Under the list of “Nice Problems To Have,” this one has to be near the top: a product that’s so popular you’re running out of potential new customers.
If we’re honest, a lot of what sales teams are forced to bring to market have their flaws, or at least some tradeoffs that make growing a base of customers a little difficult.
There are products that might not work as easily or as quickly as advertised. Other products may be functional, but need to be constantly recharged or break down with enough frequency that they develop a bad reputation. Then there are products that meet most purchasers’ criteria, but are so expensive that they are bought only by an elite few.
Reps might understandably yearn to be able to pitch a product that's affordable, functional and durable -- something that knocks it out of the park in terms of customer satisfaction, to the extent that it practically sells itself.
There’s just one problem. Once you’ve sold an outstanding product, your customer may not see the need to spend any more money with you. They’re happy with what they've bought, and to them, that's the end of the story.
These plateaus may not happen very often, but when they do, they might have reps either twiddling their thumbs or, worse, wondering if they should be leaving for another opportunity.
Of course, no one wants to sell a bad product, but a product that seems perfect (or so good it becomes irreplaceable) should be a catalyst for rethinking your strategy. A successful company should never be putting itself out of business. Instead, it's approaching growth in a way that isn’t tied to the merits of the product itself.
Think of this as a series of exercises you perform to stretch the success of your “too good” product even further:
If you’re only getting customers to buy the main item you have to offer, you're not getting the full value from your CRM. Period.
Although a tool like Sales Cloud can be invaluable in gathering the data you need about customers and prospects to close deals, that's not the only way you can use that data.
You should also be thinking about selling “up,” by offering a premium version, for example, or additional complementary products that make it even more valuable.
An example here could include a gorgeous handbag to go with a luxury winter coat in the consumer world. In B2B, it might be an enterprise software firm that not only sells storage hardware but software that lets customers sort and organize what they're storing.
Upselling and cross-selling are obviously not new ideas, but they can be overlooked when a product initially takes off and gains traction in the market. If your product turns out to be “too good" in some way, don’t give up on ways to make it better. Think of it as a cake that tastes great, but becomes absolutely irresistible with the right icing on top.
Your existing customers may not need to buy your product once they already have it, but let’s come back to the customers who passed. What were the reasons? In most cases, it’s because the products that become “too good" are seen as too expensive, too complex or too sophisticated for companies of a certain size.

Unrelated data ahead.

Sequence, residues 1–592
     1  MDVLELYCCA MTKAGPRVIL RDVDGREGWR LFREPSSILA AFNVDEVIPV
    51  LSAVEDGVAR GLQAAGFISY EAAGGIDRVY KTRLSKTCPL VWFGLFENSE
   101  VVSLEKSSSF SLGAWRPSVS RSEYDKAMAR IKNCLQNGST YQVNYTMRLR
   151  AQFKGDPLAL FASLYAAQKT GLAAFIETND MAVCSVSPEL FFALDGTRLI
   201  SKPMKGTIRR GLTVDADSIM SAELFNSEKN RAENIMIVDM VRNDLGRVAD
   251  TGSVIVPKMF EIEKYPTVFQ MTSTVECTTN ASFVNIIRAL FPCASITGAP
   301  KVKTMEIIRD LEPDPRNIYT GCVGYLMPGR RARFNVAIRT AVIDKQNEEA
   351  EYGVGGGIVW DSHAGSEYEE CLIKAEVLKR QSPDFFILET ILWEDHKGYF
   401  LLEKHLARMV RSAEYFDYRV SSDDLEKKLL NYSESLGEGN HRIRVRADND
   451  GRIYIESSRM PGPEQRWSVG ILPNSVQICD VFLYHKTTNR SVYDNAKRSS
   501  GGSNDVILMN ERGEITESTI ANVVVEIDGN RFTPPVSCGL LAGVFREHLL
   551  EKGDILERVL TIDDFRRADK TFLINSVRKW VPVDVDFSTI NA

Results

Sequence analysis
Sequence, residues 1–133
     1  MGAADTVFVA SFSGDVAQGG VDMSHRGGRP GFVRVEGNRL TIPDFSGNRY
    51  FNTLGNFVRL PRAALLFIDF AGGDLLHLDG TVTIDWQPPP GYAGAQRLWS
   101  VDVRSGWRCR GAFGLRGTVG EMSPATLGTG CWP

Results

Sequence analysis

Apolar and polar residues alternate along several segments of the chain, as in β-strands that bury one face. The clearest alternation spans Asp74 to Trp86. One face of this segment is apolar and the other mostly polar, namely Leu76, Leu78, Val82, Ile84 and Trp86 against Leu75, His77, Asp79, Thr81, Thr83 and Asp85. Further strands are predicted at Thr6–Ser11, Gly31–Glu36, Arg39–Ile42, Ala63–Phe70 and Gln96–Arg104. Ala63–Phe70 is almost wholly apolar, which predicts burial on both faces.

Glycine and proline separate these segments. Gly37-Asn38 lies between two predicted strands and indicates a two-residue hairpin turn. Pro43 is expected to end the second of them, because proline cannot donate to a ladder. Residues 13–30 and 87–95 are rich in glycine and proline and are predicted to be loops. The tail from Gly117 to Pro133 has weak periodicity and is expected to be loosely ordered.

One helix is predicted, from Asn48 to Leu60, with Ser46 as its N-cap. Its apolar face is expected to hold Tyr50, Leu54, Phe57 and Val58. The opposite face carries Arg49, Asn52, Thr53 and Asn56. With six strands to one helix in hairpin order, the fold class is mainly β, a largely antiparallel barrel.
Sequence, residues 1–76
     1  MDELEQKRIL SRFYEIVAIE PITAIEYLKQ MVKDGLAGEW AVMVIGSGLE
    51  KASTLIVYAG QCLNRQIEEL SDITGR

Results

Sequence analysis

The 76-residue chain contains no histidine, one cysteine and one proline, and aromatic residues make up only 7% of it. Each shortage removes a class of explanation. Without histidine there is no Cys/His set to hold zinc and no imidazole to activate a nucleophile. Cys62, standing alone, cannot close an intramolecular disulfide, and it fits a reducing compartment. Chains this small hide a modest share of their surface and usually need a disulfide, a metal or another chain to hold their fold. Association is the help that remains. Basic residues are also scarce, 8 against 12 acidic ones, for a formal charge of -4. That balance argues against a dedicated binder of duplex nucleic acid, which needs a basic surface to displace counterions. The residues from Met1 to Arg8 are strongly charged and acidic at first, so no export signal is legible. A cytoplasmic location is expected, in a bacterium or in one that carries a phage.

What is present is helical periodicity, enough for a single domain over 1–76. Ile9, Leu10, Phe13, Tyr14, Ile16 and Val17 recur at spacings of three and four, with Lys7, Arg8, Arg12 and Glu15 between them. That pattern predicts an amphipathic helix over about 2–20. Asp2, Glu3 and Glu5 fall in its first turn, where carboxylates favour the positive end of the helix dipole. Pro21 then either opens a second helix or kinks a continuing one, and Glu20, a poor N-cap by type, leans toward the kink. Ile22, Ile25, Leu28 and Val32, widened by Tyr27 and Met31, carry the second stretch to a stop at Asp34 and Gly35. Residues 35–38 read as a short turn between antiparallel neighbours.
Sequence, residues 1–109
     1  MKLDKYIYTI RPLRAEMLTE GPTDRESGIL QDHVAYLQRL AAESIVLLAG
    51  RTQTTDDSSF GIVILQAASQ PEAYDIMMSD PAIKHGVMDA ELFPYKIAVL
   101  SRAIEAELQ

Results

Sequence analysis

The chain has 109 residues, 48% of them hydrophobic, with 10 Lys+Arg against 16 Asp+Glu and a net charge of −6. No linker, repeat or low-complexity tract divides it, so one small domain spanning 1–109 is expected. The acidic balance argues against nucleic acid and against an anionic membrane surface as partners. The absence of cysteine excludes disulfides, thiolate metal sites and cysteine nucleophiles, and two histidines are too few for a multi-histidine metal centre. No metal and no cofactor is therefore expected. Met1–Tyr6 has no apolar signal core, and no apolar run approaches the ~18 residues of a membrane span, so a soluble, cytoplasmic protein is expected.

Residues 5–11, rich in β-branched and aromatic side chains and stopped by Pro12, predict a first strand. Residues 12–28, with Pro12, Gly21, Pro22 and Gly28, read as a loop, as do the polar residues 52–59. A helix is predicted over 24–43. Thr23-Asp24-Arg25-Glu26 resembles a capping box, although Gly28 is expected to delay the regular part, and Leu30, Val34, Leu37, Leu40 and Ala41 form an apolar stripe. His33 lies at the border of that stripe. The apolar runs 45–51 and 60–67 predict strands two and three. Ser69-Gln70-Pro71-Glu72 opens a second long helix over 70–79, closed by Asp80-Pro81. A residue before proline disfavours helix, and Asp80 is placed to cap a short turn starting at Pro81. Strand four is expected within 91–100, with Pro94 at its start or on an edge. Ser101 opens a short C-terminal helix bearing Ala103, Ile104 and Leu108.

Selling to large enterprises is a great move for a startup, or even for established firms when they’re offering an innovative new product. The only catch is that the number of large enterprises is finite — less than a thousand if you were to go by the Fortune 500 list, for instance.
In a country like Canada, the majority of firms are small and medium-sized businesses. These are potential customers who might be interested in a “Starter” or “Essentials” version of your product, which may not have as many features but which satisfies their needs. Winning those deals might not have the same margin, but they represent a long-term opportunity if some of those SMBs grow along with you and move to the larger, best-selling version of your product.
Occasionally this can work the other way too — where a product aimed at SMBs is enhanced for the enterprise — but that may require more capital investment and resources. Just don’t leave any stones unturned because a potential customer is not the same size as your existing ones.
Lots of products are also designed to work for businesses in any industry sector. And maybe they do — but one way to get more business from your existing base as well as new customers is to refine them to address the pain points of specific verticals.
Let’s say you’ve created a product that helps manage retail transactions. It might seem to work well for firms ranging from department stores to mom and pop shops. In certain scenarios, however, an organization might need to be more careful about how it captures and stores personal information due to privacy regulations, such as health-care institutions or educational firms.
Another example might be a productivity app that works well for those working in a large organization. A more specialized version of the app might appeal to those who work in a highly creative industry like advertising or the media, while still another might be able to address the needs of those whose every billable hour counts, like lawyers.
You’ll notice with all three of these exercises that the key is not to start with the “too good” product itself. The more you think about your customers -- the ones you already have, and the ones you might never dreamed of having -- the better you can think of the ways your product or approach can be fine-tuned.
There’s really no such thing as a product that's “too good” — just strategies that haven’t been developed to their fullest.